I-Ieretofore, home appliances such as the kitchen ranges are of two types: the electric resistance type and the gas-buming type. These heating appliances possess certain disadvantages. In the first place, the conventional prior art gas'bumer usually burns natural gas which is largely methane. Such gas burners require some source of energy to initiate combustion, and this is usually provided by way of a pilot flame. Such pilot burner may be a source of trouble. Moreover, the prior art gas burners usually cannot be adjusted to reduce the heat input to an extremely low point because the resultant small flame would be very unstable. Although it is possible to continuously control the heat input to an electric resistance type of heating element by means of a rheostat, such continuous control would be expensive and inefficient due to the power loss in the control rheostat. Therefore, it is conventional practice with respect to an electric resistance heating elementto vary the imput thereto by selectively applying different, fixed levels of voltage available from the power supply source. Two or more resistance elements are also used to selectively obtain different heat input levels. However, in most of the electric resistance heating ranges, only stepwise control of heat input is provided. g I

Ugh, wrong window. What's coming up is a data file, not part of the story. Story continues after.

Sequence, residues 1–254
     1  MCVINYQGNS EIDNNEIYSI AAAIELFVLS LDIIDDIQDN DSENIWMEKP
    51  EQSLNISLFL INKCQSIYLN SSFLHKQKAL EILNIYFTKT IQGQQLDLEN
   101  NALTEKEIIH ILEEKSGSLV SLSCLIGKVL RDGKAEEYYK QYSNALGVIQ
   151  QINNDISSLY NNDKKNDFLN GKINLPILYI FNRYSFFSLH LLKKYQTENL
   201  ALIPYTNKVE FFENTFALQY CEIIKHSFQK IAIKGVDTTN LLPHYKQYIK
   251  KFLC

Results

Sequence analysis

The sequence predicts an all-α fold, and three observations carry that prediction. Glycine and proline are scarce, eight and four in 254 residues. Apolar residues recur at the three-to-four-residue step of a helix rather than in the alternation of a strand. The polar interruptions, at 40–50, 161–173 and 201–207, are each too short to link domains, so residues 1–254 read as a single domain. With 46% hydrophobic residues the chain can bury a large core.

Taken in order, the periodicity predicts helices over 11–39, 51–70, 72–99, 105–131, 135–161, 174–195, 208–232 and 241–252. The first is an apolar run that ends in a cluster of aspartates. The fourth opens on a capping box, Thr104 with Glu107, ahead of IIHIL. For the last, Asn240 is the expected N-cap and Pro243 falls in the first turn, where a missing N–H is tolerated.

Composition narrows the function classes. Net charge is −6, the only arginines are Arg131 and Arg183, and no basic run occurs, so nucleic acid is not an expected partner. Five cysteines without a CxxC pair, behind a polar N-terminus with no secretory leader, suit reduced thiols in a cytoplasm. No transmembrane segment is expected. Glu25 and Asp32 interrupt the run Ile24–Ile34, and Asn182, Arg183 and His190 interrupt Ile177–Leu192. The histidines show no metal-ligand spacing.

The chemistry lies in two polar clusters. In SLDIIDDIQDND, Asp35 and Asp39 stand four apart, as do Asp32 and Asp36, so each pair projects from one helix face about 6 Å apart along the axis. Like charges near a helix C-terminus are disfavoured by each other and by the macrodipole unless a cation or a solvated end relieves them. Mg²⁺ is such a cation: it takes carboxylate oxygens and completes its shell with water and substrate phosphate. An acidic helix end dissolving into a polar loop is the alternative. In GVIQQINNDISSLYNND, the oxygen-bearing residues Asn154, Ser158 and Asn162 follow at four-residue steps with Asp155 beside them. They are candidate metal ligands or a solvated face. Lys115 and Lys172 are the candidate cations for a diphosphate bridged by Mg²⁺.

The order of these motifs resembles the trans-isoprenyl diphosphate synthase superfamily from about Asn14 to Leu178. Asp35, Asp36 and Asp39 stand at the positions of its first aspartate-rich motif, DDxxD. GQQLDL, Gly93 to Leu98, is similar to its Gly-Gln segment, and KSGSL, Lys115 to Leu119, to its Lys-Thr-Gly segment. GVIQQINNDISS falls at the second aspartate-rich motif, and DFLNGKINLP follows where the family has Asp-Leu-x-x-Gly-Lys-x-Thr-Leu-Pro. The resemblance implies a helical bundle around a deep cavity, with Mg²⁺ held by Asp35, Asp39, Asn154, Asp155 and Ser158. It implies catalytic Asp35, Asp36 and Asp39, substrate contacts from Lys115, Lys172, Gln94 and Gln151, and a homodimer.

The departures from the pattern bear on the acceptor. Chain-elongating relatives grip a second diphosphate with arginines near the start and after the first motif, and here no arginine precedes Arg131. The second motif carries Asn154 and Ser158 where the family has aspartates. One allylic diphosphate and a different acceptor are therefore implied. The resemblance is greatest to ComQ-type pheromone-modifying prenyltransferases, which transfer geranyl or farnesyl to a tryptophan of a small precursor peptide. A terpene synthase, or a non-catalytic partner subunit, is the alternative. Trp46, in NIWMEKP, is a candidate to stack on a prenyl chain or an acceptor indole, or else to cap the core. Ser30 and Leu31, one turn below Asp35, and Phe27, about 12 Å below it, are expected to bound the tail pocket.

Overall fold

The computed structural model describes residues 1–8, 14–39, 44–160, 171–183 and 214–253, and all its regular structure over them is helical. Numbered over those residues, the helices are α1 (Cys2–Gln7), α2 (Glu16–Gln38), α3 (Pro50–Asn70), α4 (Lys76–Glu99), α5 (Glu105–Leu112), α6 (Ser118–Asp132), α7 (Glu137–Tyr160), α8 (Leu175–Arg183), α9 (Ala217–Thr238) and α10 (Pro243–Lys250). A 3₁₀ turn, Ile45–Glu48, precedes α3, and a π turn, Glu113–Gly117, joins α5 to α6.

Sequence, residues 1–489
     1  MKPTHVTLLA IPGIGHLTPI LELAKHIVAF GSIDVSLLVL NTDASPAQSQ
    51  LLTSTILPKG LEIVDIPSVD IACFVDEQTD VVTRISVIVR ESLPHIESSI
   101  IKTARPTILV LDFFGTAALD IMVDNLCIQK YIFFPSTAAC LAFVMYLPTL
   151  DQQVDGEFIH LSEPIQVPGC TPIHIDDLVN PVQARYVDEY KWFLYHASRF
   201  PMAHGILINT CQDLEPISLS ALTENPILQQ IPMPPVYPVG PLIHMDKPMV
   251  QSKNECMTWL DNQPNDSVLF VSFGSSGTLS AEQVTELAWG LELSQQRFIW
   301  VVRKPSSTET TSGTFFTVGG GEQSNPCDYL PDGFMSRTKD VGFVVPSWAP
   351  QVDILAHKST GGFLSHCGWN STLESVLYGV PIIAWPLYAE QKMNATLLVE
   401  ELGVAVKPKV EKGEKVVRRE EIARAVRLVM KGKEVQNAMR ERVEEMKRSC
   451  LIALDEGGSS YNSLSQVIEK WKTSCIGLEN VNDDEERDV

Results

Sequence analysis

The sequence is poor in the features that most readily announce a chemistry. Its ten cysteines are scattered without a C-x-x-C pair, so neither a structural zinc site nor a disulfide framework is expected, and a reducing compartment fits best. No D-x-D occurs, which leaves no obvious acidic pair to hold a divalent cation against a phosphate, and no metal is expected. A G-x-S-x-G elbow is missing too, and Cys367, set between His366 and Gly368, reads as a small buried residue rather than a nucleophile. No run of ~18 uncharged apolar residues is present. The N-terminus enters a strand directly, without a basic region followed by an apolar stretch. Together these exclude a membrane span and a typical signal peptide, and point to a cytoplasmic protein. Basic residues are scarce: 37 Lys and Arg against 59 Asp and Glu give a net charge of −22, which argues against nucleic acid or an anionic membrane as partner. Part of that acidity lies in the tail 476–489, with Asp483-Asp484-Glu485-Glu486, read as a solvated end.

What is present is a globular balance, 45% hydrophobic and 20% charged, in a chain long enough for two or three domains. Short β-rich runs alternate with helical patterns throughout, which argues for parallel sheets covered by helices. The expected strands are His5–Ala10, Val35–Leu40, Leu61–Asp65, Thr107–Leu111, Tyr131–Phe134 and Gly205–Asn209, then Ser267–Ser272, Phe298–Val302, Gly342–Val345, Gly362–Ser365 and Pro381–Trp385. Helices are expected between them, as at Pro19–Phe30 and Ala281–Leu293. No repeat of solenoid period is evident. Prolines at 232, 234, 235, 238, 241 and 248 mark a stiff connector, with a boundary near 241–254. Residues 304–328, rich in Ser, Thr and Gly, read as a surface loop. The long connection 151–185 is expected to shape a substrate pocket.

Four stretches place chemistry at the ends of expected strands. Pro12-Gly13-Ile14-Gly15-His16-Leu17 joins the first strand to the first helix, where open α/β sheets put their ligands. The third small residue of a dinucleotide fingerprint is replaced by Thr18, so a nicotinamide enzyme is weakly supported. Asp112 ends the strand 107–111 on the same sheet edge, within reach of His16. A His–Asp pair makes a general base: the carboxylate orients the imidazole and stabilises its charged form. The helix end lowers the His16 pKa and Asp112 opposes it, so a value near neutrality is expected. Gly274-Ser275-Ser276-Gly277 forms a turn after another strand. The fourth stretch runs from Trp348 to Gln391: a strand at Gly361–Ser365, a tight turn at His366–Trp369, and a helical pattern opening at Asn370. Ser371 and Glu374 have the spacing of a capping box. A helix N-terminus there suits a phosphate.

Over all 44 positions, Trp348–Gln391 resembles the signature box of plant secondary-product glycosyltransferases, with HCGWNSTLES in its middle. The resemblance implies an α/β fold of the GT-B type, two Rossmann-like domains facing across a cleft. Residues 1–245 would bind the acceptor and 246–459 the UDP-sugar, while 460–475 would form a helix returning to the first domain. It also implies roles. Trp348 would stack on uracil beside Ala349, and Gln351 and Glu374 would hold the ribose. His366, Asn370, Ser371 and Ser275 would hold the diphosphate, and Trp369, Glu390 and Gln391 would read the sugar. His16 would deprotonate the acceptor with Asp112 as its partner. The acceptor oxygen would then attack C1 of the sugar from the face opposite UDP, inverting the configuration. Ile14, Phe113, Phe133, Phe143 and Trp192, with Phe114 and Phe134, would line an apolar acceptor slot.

Thus, there is a need for'a kitchen range which is capable of burning gaseous fuel,'which is self-igniting without the use of a pilot flame or matches, whose heat input can be continuously adjusted from nearly zero to the maximum capacity of the burner, and whose heating surface area can be independently continuously adjusted.
It is, accordingly, an object of the present invention to provide a novel gas range which is self-igniting, whose heat input can be continuously adjusted over a wide range from nearly zero to the maximum capacity of the range, and whose heating surface area can be independently continuously adjusted to suit particular needs.
It is another object of the present invention to provide a gasburning range which is safe, efficient and inexpensive to operate. I